Facts are often not enough to help some university students with their drinking and drug use.
Wondering if you might have a problem or recognizing that you do have a problem with substance misuse are the first steps in getting help. Some people have trouble deciding whether their use is a problem, and others find it hard to stop even when they are aware that it has become a problem.
Prevention, early detection and timely intervention of college substance abuse issues are vital if students want to reduce the number of alcohol and other drug-related problems they have on campuses today. National Institute on Alcohol Abuse and Alcoholism research shows that college students who receive a single individual counseling session will often significantly reduce their substance abuse. It is up you, the student who is now in charge of his or her life, to realize choices about drinking and drugs are critical. You need to party smart. And if you get in trouble with substance abuse, you need to seek help. It is your future.
Because substance abuse affects every person on our campus, we offer several programs to help students like you make safe and informed decisions about substance use. If you think you might need help, your primary care physician or a doctor on campus can give you advice and refer you for treatment if you need it. And don’t worry. Doctor-patient relationships are confidential—even here at college.
Professional and confidential help is available from WELLWVU Carruth. It’s free, confidential and a good place to start if you’re ready for some straight talk about alcohol, drugs and you. Please call your school counseling center and make an appointment to see one of our counselors. Let’s talk!
Some programs that may be offered include:
Substance Misuse or Abuse Counseling—to help students reduce risk in their choices in a safe, non-judgmental environment. By the way, what you say will not be released to anyone inside or outside the school without your written permission (except as required by law).
Peer counseling—to help students reduce risk in their choices in a safe, non-judgmental environment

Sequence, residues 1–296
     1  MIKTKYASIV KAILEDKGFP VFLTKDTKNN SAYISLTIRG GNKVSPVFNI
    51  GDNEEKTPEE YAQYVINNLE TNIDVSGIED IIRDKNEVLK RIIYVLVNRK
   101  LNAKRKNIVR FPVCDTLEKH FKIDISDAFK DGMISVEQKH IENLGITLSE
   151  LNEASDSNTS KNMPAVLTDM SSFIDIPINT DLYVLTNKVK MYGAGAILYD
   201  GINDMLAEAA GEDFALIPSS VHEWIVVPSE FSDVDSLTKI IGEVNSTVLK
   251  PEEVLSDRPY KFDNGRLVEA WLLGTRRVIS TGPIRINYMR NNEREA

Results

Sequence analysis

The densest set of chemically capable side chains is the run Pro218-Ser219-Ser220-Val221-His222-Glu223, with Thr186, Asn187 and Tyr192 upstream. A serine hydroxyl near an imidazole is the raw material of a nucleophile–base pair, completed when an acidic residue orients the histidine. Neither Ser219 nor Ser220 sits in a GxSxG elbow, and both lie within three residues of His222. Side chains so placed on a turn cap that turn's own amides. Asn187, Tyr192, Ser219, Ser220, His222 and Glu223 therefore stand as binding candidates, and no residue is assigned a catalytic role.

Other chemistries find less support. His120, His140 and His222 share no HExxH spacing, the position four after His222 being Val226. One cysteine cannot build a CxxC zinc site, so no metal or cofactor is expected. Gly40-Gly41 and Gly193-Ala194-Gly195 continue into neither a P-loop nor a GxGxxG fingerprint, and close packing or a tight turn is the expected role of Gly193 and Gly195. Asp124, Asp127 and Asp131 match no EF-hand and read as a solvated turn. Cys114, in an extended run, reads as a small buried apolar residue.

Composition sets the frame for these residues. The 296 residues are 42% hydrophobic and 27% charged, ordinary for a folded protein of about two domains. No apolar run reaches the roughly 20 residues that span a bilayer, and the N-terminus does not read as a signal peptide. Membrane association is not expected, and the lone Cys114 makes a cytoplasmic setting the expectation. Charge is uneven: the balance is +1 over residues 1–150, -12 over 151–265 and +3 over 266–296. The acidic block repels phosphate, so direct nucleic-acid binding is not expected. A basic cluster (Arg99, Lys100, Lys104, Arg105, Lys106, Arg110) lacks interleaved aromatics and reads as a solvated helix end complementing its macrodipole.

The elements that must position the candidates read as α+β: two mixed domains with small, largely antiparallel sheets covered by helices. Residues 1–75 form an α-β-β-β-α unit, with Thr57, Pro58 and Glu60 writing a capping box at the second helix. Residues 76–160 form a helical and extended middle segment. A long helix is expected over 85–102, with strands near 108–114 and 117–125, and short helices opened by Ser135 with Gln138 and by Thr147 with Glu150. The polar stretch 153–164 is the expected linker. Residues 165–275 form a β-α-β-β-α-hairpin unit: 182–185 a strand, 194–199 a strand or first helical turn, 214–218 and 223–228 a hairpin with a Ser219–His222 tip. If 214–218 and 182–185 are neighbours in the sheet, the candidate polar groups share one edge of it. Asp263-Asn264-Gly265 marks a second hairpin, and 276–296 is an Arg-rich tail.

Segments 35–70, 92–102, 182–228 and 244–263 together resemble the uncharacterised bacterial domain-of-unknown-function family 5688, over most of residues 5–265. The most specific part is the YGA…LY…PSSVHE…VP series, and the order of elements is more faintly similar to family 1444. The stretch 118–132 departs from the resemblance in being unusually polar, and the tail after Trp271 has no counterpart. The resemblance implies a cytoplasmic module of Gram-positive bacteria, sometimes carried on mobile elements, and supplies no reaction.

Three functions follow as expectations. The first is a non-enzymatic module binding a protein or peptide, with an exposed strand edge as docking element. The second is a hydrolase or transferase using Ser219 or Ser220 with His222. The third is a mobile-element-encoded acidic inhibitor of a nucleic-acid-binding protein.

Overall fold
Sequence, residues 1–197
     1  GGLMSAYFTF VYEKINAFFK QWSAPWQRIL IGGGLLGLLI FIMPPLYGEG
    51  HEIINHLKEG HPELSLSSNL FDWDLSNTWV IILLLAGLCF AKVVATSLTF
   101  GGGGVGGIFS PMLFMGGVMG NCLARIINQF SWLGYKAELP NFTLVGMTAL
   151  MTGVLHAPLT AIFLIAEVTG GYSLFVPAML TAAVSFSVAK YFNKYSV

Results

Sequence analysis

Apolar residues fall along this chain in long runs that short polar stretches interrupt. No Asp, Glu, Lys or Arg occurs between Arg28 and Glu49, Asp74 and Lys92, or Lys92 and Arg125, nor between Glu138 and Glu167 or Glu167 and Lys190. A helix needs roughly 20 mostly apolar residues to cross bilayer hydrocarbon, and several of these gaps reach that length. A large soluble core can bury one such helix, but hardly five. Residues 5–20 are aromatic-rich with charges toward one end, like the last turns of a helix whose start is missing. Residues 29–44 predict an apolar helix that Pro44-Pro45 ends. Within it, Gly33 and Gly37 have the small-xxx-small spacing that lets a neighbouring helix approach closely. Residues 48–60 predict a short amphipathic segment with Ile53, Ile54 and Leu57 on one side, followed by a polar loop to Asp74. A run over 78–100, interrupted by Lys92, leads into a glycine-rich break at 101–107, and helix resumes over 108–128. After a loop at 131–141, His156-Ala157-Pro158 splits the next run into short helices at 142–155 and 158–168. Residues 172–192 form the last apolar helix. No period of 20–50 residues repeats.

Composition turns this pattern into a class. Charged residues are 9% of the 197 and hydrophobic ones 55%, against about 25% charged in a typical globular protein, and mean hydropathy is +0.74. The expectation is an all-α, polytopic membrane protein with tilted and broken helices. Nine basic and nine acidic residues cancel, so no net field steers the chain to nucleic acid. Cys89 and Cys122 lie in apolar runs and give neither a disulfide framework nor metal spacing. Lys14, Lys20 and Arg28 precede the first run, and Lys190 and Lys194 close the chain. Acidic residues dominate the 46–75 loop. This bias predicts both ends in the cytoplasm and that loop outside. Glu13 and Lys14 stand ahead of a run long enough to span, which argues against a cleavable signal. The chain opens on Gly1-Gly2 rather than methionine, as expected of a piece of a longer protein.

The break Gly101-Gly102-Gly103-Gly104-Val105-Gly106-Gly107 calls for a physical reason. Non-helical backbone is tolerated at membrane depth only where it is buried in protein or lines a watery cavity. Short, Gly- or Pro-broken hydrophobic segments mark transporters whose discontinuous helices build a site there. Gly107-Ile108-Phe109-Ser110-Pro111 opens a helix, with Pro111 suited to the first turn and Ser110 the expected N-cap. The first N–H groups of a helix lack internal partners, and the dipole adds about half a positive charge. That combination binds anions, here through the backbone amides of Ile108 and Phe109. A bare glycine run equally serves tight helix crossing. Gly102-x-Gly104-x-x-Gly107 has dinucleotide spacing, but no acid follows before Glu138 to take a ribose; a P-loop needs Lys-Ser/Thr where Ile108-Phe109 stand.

Peer-led workshops—featuring interactive real-life tools you can use at parties, in clubs or anywhere drinking and drugs are around to tempt you
Hotlines—offering confidential counseling when you need it. By the way, what you say will not be released to anyone inside or outside the school without your written permission (except as required by law).
If You Find Yourself Worried about a Friend…
While there is no one guaranteed way to help a friend, there are many things worth trying. Once you feel that you’re ready to talk with your friend, here are some tips that may help things go more smoothly. (Remember, your friend may not see things the way you do or may not be ready to admit this.)
Your friend may say that everything is fine. You may need to play it by ear about whether to push more or back off. There is no one right answer. Even if your friend seems to have completely ignored you, your effort still has value. You have done what is called “planting the seed.” You have articulated a concern, and while it may not produce immediate change, your words may resonate with your friend over time. You may not be the only one to raise a concern—the effect can be cumulative. The remarks of one person can be more easily ignored than those of numerous people.
Everyone has his or her own ideas about what it means to be a good friend. Sometimes it means being brave enough to say your piece.
Visit your college website, take a spin through your student handbook and talk to your resident supervisor. See what’s happening at your school’s recreational complex, and ask about other facilities your college offers for recreational use. School concerts might also be happening this weekend. Chances are your school offers a wide variety of recreational options that you will enjoy.
Don’t be afraid to get off campus as well and check out local cultural events or the movie times. Pick up a newspaper (yes, a newspaper!) or go online to the local newspaper site to see the events calendar for this month. If you’re still stumped about things to do, check out this site for ideas from what other people are doing around the world!